Three Reasons Why Michigan Can Beat Louisville

Posted by Deepak Jayanti on April 7th, 2013

Deepak is a writer for the Big Ten microsite of RTC. Follow him on Twitter for more about B1G hoops at @dee_b1g.

Monday night’s National Championship game features several intriguing match-ups. The nation’s best offense (Michigan) against the best defense (Louisville). A four-year veteran point guard (Peyton Siva) against arguably the best point guard this season (Trey Burke). We could continue with the list of match-ups but the game will not be determined by their strengths, but rather, which team best exploits the other’s weaknesses during the game’s 40 minutes. The following are three key reasons why the Wolverines should have an edge over the Cardinals on Monday night.

The hottest player of the Tournament could give Louisville's frountcourt trouble in the Title game.

The hottest player of the NCAA Tournament could give Louisville’s frontcourt trouble in the title game.

  1. Michigan’s forwards may be too quick for the Louisville frontcourt. The Shockers were a 10-point underdog against Louisville but it was clear after the first eight minutes that the game would go down to the wire because the the Cardinals’ frontcourt – Gorgui Dieng, Chane Behanan and Wayne Blackshear – were having trouble keeping up with quick forards like Cleanthony Early and Mike Hall. Early and Hall dominated the game with 37 points by consistently attacking the basket and running circles around the Cardinal bigs. In case you haven’t heard, Mitch McGary may be the hottest player of the NCAA Tournament and he has great quickness to finish around the basket, which could be a huge Michigan advantage in the title game. Combine McGary’s hot play with Glenn Robinson’s shooting range and both could get Dieng into foul trouble early. On the flip side, it is possible that McGary could pick up quick fouls of his own but it is unlikely because Dieng and Behanan haven’t been very assertive on the offensive end this tournament.
  2. Michigan has ball-handlers to break Louisville’s full-court press. John Beilein’s team absolutely annihilated VCU’s full-court press because it had multiple ball-handlers who could push the ball to avoid the traps. A four-guard lineup along with McGary inside gives Beilein several options to break the press, and once they break it, the Wolverines are terrific in transition. The Shockers handled the Louisville press fairly well until the last six minutes of the game when they had particular trouble with the inbounds pass but if Rick Pitino chooses to pick up the intensity, Beilein can counter with a pair of heady point guards – Trey Burke and Spike Albrecht. Syracuse’s 2-3 zone couldn’t control the versatile Wolverines offense because it hadn’t faced a team with that many scoring guards/wings and it is likely that the Cardinals’ defense will be surprised by the sheer amount of options on this Michigan squad.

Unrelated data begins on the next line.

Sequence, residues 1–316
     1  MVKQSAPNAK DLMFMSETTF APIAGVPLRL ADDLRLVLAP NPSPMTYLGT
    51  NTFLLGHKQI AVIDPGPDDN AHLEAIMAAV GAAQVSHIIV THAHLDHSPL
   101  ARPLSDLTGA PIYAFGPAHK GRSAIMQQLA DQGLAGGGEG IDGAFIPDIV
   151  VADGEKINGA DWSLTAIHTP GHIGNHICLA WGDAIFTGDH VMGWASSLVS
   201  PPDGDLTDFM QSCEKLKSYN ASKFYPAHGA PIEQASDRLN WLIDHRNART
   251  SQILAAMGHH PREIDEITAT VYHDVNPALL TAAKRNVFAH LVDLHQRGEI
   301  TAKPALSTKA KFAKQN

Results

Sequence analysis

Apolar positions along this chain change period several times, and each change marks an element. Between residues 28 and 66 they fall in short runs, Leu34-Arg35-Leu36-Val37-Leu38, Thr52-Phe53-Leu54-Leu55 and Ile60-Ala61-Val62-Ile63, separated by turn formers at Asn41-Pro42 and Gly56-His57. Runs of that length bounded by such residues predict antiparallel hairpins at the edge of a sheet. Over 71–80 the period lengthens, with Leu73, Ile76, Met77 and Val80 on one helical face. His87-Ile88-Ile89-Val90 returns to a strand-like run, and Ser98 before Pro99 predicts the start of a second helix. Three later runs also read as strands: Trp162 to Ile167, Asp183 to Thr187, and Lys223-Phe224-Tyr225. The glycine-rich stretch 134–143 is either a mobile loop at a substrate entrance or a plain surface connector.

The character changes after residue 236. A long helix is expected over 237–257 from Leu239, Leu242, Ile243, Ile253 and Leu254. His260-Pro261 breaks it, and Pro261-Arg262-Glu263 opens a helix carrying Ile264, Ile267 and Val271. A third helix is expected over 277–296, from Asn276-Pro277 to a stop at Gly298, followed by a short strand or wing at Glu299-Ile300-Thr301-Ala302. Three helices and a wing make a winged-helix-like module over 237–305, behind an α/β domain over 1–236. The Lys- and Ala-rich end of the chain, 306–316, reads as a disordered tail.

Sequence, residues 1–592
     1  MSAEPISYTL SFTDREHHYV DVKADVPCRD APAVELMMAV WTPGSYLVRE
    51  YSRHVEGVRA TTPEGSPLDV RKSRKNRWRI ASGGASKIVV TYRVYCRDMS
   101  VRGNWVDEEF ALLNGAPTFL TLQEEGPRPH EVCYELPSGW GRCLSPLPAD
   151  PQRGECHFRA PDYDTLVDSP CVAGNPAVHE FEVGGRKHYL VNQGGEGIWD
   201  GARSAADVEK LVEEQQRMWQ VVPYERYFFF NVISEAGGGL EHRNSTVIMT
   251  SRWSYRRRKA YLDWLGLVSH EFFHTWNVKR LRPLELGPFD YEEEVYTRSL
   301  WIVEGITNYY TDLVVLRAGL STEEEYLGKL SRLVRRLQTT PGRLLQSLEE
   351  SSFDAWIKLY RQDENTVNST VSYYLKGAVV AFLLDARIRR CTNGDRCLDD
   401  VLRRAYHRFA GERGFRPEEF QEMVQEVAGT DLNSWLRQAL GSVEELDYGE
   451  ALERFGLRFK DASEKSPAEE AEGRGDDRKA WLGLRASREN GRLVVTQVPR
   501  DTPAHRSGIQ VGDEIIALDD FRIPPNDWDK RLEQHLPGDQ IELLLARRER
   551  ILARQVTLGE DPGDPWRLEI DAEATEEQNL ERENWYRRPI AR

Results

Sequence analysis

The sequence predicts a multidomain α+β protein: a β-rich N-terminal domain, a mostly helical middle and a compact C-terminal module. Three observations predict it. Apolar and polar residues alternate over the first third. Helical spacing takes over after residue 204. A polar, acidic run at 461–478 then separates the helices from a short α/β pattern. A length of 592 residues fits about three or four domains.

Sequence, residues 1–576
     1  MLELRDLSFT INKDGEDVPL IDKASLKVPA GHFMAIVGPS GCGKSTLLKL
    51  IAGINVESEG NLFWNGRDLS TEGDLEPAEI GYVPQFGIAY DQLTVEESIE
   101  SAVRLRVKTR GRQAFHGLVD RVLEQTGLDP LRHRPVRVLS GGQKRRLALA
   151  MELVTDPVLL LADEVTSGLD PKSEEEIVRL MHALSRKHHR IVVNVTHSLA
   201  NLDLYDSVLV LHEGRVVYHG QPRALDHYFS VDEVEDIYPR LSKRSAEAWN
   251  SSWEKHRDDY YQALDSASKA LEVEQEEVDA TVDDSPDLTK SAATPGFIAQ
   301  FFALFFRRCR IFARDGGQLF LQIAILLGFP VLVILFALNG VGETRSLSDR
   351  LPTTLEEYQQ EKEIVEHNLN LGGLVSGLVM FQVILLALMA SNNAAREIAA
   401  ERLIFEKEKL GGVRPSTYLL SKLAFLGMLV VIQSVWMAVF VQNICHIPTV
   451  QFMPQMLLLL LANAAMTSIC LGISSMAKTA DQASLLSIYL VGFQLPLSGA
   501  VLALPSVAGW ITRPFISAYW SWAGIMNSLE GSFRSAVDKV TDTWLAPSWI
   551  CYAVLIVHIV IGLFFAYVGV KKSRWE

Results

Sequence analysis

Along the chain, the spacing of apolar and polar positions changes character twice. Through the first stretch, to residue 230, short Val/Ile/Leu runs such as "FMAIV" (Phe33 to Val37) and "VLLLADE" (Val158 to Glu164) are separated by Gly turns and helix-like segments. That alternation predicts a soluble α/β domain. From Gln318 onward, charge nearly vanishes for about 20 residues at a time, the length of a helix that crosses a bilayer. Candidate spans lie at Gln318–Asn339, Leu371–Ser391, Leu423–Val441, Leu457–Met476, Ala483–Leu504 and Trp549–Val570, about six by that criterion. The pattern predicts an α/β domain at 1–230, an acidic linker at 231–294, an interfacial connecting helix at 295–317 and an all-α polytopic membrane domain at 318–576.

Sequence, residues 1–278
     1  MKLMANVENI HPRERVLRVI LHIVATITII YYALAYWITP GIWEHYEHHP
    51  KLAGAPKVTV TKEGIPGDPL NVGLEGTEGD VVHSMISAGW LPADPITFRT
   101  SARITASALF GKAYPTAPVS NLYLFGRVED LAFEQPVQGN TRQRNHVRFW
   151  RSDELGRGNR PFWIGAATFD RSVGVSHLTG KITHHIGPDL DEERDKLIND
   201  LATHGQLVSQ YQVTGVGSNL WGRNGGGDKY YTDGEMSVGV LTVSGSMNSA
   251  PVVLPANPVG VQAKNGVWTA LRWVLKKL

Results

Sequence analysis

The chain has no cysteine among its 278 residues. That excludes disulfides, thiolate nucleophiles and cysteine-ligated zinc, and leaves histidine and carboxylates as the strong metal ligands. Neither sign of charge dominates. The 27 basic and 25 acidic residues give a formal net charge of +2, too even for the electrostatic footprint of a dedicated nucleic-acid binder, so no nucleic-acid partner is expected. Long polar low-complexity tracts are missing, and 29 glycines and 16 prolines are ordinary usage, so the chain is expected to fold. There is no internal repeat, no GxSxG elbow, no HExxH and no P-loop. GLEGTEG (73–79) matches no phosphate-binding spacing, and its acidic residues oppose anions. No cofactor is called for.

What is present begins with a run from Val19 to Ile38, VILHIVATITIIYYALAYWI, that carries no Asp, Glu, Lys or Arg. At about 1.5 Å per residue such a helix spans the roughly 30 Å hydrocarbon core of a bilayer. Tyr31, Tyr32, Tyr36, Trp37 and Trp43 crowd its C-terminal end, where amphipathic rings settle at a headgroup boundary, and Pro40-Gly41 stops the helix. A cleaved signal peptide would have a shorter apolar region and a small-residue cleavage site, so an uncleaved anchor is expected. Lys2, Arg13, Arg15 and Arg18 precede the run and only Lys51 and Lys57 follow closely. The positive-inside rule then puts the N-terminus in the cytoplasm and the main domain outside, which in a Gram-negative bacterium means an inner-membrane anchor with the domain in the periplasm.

3. Russ Smith’s offensive explosiveness can be neutralized with Burke’s ability to take over the game. At some point in the second half, it is highly likely that Smith and Burke will end up trading buckets for a handful of possessions. Porous doesn’t even begin to describe Michigan’s defense and it is almost guaranteed that it will have trouble keeping up with Smith’s quickness in the half-court. There is no formula to stopping Smith but the best way to counter such a run is to hand the keys over to Burke. The Player of the Year didn’t have a signature game against Syracuse, finishing with just seven points, but it is unlikely that he will sit out the entire weekend on the ultimate stage of college basketball. If Smith weaves his way through the lane to score 20 points, Burke can match him bucket for bucket because the Cardinals don’t have anybody who can challenge in the half-court once the press has been broken.
Deepak Jayanti (270 Posts)

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